This is the portrait of a perfect character after the ideal of Israel. We naturally compare with it, on the one hand, the heathen types of perfection as we see them in the ethical philosophy of Greece and Rome, and, on the other, the Christian standard as we see it in the New Testament and in modern literature, and the result is to leave us in wonder and admiration before this figure of stainless honour drawn by an ancient Jewish poet. “Christian chivalry,” it has been said. “has not drawn a brighter.” In heart and tongue, in deed and word, as a member of society and as an individual, the character of Psalms 15 is without reproach.
The psalm makes no pretence to art either in form or style.
Speaketh the truth in his heart—i.e., both thinks and speaks the truth.
“This above all: to thine own self be true,
And it must follow as the night the day,
Thou canst not then be false to any man.”
Reproach.—The Hebrew word has a striking derivation. Properly, the stripping of the trees of autumn fruit; so, stripping honour and reputation from a person. Two different words are in the Hebrew for “neighbour.” Translate, “Who does no ill to his friend, nor carries a reproach against his neighbour.” The marginal receiveth, or endureth, is quite against the context.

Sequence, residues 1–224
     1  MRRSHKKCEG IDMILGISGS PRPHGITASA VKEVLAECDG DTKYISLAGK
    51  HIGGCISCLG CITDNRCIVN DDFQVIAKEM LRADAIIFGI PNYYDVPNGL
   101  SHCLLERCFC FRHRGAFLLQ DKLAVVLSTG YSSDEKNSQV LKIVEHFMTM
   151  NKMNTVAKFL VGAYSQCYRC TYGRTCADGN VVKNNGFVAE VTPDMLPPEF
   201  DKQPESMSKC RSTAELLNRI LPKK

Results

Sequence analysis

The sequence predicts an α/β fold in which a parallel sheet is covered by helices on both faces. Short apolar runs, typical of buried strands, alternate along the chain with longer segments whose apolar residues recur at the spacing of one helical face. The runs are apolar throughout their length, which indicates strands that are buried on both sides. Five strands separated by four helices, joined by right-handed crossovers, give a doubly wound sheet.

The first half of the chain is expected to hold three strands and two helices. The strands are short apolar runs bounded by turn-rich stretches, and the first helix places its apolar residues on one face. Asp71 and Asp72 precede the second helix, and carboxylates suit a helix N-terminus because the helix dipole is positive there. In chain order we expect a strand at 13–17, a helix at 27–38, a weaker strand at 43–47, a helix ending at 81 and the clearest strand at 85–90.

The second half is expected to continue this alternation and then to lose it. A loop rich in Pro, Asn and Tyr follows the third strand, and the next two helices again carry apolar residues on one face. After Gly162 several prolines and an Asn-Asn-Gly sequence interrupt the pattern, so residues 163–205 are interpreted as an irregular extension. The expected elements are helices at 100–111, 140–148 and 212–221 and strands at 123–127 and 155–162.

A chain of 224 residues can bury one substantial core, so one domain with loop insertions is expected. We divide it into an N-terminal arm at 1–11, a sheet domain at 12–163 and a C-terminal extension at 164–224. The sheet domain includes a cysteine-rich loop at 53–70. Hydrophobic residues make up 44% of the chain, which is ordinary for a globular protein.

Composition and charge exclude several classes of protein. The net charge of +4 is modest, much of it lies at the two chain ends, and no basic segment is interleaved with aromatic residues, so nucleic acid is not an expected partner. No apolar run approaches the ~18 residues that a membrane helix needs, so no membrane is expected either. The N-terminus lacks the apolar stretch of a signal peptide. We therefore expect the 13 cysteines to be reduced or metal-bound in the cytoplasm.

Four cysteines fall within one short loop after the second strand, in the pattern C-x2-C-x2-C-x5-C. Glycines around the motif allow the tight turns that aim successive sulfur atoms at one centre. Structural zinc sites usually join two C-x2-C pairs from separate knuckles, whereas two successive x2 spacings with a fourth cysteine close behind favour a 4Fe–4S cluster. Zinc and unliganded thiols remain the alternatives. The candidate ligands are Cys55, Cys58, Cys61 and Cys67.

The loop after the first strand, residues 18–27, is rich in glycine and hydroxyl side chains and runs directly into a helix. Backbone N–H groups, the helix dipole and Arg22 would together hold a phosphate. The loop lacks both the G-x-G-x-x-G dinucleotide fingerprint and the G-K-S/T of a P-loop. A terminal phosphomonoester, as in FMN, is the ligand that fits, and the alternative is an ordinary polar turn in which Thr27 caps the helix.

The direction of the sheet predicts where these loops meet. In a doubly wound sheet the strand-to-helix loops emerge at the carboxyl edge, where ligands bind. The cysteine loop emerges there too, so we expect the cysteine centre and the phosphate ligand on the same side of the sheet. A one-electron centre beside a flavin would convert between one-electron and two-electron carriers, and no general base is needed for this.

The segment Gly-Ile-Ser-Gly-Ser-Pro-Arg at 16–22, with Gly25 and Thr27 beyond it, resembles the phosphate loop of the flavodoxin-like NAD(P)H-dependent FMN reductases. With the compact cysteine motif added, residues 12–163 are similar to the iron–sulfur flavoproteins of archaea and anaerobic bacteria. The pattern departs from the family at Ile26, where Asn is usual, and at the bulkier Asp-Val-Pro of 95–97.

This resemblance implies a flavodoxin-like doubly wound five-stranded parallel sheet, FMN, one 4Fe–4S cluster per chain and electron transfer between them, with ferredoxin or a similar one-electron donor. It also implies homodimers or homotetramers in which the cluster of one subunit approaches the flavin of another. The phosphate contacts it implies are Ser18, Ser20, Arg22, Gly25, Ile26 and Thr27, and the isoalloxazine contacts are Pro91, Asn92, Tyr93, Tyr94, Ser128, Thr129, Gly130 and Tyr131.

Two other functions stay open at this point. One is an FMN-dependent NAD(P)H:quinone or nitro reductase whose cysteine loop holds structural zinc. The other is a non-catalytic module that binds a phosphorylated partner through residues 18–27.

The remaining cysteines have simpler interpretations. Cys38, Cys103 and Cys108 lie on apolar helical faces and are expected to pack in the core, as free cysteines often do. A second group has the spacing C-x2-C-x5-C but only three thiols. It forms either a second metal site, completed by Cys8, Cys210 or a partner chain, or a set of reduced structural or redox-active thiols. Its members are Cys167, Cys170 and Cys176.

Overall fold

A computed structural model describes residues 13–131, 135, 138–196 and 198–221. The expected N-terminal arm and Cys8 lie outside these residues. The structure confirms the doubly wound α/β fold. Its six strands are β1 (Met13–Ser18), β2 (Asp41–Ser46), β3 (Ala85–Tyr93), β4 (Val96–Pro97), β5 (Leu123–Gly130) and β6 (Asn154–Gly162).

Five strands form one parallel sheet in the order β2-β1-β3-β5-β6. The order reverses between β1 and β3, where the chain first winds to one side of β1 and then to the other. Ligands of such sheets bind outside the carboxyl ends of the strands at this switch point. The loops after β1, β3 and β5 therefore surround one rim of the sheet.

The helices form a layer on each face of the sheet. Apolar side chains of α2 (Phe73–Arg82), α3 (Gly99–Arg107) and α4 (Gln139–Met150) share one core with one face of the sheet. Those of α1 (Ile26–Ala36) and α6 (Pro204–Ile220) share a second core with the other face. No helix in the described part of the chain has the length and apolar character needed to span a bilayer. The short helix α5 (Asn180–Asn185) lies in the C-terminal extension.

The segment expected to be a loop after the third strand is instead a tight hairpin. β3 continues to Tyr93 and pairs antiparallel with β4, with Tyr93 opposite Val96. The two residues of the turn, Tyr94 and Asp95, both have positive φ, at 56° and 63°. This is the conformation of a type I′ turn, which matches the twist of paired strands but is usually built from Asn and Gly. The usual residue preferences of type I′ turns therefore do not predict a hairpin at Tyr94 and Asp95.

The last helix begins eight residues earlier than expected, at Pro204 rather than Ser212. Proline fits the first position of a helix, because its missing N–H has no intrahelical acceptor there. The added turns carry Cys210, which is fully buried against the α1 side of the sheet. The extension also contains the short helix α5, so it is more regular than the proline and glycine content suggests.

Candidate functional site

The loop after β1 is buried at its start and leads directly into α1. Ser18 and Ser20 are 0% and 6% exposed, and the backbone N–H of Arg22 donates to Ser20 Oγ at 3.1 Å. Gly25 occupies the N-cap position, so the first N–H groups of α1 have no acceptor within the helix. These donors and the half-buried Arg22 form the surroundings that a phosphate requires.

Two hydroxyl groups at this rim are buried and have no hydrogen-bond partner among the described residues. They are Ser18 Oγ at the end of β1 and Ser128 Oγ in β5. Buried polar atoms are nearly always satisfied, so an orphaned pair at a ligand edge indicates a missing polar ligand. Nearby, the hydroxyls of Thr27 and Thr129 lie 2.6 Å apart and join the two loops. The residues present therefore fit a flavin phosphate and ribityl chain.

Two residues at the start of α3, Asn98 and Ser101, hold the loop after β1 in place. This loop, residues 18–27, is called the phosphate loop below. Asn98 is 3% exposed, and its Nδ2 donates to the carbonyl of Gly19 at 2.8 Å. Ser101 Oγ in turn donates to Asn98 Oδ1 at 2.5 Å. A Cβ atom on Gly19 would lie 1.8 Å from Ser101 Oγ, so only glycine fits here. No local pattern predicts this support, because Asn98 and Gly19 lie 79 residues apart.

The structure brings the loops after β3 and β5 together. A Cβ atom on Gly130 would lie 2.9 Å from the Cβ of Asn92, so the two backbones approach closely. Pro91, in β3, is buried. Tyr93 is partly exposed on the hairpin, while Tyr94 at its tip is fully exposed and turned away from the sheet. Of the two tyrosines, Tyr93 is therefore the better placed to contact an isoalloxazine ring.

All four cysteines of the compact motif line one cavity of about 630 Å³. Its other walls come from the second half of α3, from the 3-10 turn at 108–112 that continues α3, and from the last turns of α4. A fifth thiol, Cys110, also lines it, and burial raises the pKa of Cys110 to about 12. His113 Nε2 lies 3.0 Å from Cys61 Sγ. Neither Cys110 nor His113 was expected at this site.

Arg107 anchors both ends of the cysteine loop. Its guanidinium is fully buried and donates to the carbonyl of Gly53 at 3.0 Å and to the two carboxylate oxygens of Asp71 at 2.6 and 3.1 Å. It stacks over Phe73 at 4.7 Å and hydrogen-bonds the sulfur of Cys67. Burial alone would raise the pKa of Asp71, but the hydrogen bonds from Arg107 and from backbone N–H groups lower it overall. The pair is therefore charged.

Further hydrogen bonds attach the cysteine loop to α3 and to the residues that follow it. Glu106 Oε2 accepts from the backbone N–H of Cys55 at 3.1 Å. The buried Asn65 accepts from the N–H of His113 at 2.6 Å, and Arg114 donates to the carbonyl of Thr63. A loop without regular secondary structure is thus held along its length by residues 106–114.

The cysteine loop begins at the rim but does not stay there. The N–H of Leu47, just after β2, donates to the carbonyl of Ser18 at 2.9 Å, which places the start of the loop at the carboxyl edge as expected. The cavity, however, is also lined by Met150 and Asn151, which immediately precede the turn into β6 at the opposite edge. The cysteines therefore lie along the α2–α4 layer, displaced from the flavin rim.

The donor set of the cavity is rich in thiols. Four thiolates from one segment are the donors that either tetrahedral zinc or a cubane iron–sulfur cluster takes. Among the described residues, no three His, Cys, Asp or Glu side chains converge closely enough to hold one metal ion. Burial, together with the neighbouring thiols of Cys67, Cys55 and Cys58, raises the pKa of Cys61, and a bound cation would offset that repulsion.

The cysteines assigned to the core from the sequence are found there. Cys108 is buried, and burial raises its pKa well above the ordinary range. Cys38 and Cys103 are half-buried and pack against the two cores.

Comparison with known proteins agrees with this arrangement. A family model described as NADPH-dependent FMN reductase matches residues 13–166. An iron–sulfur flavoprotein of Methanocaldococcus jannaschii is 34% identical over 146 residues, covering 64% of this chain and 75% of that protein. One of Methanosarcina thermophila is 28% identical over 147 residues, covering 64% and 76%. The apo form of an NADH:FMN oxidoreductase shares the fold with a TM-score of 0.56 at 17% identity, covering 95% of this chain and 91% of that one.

To his own hurt.—Literally, to do evil, i.e., to him-self (see Leviticus 5:4). The LXX., by transposing the letters, read, “to his neighbour;” and the English Prayer Book version has apparently combined the two thoughts: “Who sweareth to his neighbour, and dis-appointeth him not, even though it were to his own hindrance.”
“His words are bonds, his oaths are oracles,
His love sincere, his thoughts immaculate;
His tears pure messengers sent from his heart,
His heart is far from fraud as heaven from earth.”
SHAKSPEARE: Two Gentlemen of Verona.